What's black and
brown and striped all over? A new species of rabbit hopping around the
forests of Southeast Asia, according to the Aug. 19th issue of the journal
Discovered by biologists
from the Bronx Zoo-based Wildlife Conservation Society (WCS), the rabbit
lives in the rugged Annamite mountains of Laos, an extremely isolated
region that has yielded several new species of mammals in recent years.
The rabbit, which has distinct, dark brown stripes running down both its
face and back, a reddish rump, and short ears, was first seen by WCS researcher
Rob Timmins, who found three freshly hunted specimens in a food market
in Ben Lak, Laos. Tissue samples were then sent to Dr. Diana Bell at the
University of East Anglia in Norwich, England, where DNA analysis by Alison
Surridge confirmed that the rabbit was distinct.
According to researchers,
the rabbit's closest relative is a critically endangered species found
in Sumatra-- about a thousand miles away; genetic data suggest that the
two species may have diverged about eight million years ago. Nothing is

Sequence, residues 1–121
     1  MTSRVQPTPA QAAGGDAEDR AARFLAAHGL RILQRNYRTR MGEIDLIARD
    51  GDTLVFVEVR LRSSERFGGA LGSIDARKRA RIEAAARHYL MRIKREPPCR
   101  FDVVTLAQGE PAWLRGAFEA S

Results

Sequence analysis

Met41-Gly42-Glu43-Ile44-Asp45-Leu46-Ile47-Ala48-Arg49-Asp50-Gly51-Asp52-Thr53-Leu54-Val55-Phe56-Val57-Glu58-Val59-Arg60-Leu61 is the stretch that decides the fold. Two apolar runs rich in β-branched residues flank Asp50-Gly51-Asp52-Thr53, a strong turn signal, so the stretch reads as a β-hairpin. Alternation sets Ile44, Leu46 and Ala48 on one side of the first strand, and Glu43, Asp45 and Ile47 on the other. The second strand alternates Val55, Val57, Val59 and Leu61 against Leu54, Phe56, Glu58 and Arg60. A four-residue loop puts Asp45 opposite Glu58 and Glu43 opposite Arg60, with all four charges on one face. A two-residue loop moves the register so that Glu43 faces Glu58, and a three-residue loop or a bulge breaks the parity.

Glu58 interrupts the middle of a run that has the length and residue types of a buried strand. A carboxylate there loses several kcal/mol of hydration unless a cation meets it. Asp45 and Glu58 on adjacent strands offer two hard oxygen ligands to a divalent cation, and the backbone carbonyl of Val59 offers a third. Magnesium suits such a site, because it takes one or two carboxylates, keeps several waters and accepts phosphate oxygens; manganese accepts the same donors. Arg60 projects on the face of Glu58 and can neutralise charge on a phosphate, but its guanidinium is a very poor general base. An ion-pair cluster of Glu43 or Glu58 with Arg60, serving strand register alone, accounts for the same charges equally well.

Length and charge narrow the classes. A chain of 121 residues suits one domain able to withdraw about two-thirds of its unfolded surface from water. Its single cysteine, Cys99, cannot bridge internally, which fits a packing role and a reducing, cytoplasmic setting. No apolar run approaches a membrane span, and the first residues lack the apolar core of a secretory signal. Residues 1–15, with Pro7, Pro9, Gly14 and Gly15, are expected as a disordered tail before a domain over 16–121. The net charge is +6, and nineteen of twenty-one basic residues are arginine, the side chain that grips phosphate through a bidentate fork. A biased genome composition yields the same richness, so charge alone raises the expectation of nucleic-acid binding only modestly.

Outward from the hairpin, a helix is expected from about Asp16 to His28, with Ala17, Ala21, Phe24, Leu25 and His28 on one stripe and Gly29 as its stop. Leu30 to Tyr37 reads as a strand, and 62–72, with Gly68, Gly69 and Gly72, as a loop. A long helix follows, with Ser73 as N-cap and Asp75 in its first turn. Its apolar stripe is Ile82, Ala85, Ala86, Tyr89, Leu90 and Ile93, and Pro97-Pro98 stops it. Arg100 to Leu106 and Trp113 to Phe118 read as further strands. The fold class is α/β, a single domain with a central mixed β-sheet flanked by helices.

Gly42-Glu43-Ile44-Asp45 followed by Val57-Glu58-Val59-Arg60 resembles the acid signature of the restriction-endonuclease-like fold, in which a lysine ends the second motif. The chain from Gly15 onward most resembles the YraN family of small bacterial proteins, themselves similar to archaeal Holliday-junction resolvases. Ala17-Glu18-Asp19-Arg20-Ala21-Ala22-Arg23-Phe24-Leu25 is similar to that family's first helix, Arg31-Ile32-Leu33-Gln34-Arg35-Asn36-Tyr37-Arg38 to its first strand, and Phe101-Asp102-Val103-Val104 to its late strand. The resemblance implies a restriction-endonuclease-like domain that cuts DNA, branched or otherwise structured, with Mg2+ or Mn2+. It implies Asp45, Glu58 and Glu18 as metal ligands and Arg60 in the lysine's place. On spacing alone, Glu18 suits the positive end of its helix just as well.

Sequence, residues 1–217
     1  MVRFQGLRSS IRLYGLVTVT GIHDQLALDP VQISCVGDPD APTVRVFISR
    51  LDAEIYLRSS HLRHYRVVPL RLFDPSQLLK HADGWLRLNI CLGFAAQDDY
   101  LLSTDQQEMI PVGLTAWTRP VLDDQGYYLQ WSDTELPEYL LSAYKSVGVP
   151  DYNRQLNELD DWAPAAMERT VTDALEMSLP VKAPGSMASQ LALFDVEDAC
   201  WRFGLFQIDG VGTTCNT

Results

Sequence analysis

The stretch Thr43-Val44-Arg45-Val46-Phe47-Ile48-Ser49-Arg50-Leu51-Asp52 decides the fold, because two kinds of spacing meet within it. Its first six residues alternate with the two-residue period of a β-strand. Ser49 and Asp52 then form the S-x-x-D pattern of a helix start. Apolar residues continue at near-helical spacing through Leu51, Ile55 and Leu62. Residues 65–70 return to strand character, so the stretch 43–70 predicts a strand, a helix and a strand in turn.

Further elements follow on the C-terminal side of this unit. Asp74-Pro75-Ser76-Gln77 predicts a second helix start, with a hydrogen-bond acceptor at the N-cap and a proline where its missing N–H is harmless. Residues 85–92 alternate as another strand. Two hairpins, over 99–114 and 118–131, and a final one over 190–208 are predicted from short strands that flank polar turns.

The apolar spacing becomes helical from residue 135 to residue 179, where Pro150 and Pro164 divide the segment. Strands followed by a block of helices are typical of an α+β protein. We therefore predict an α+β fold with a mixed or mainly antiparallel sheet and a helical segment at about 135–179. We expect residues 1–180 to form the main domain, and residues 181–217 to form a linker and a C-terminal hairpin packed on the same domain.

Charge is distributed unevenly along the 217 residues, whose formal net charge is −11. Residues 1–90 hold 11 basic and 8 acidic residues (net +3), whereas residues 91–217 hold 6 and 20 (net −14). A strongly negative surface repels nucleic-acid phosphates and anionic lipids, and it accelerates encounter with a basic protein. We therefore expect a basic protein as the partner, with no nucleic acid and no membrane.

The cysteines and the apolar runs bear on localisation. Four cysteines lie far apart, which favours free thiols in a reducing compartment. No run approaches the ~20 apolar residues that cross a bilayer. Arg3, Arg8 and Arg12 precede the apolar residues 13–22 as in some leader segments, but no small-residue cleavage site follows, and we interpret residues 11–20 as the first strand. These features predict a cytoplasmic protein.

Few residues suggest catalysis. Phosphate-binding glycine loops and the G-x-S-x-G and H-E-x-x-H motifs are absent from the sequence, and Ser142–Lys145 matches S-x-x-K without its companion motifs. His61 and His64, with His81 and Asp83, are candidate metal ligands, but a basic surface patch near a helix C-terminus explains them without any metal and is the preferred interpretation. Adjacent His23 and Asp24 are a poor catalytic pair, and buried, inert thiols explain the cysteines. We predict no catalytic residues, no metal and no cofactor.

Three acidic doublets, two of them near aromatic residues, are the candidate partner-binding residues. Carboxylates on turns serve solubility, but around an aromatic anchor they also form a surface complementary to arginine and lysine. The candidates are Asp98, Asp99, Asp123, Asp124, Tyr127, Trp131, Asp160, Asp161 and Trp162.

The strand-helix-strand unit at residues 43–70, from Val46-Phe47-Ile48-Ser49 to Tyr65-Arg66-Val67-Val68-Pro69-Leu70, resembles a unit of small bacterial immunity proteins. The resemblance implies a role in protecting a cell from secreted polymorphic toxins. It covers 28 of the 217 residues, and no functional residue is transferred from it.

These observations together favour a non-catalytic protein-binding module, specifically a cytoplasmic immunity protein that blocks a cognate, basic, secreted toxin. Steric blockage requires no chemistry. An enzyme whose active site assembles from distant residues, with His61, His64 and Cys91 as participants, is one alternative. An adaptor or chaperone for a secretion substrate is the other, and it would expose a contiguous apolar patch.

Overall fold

yet known about the biology of either variety. Since Timmins' discovery,
the rabbit has been photographed in a nature reserve in Vietnam.
WCS has been working
to protect wildlife in Laos since 1991, and has made several remarkable
discoveries in the Annamites in recent years. In 1992, WCS scientists
working in Laos found the saola, a distant relative to wild cattle first
documented in Vietnam. Two years later, WCS identified a new species of
barking deer called the giant muntjac, and rediscovered the Vietnamese
warty hog, thought to be extinct. "It's not coincidental that the Annamites
have produced several new species of large mammals, none of which is closely
related to anything outside of this remote mountain area," said Dr.
Joshua Ginberg, director of WCS's Asia Program. "These are ancient
lineages that inform us about the evolutionary process and they must be